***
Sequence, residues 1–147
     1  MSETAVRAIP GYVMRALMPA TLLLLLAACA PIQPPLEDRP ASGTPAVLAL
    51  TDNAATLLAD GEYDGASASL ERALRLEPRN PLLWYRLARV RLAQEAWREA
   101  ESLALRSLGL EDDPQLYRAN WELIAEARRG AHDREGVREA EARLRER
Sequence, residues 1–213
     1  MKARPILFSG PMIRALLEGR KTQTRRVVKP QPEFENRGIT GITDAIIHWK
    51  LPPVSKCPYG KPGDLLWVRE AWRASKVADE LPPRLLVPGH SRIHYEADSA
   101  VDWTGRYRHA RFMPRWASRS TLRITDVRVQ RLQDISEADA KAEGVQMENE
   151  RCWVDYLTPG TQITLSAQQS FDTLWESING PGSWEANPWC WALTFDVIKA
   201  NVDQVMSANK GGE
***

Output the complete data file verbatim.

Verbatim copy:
Sequence, residues 1–147
     1  MSETAVRAIP GYVMRALMPA TLLLLLAACA PIQPPLEDRP ASGTPAVLAL
    51  TDNAATLLAD GEYDGASASL ERALRLEPRN PLLWYRLARV RLAQEAWREA
   101  ESLALRSLGL EDDPQLYRAN WELIAEARRG AHDREGVREA EARLRER
Sequence, residues 1–213
     1  MKARPILFSG PMIRALLEGR KTQTRRVVKP QPEFENRGIT GITDAIIHWK
    51  LPPVSKCPYG KPGDLLWVRE AWRASKVADE LPPRLLVPGH SRIHYEADSA
   101  VDWTGRYRHA RFMPRWASRS TLRITDVRVQ RLQDISEADA KAEGVQMENE
   151  RCWVDYLTPG TQITLSAQQS FDTLWESING PGSWEANPWC WALTFDVIKA
   201  NVDQVMSANK GGE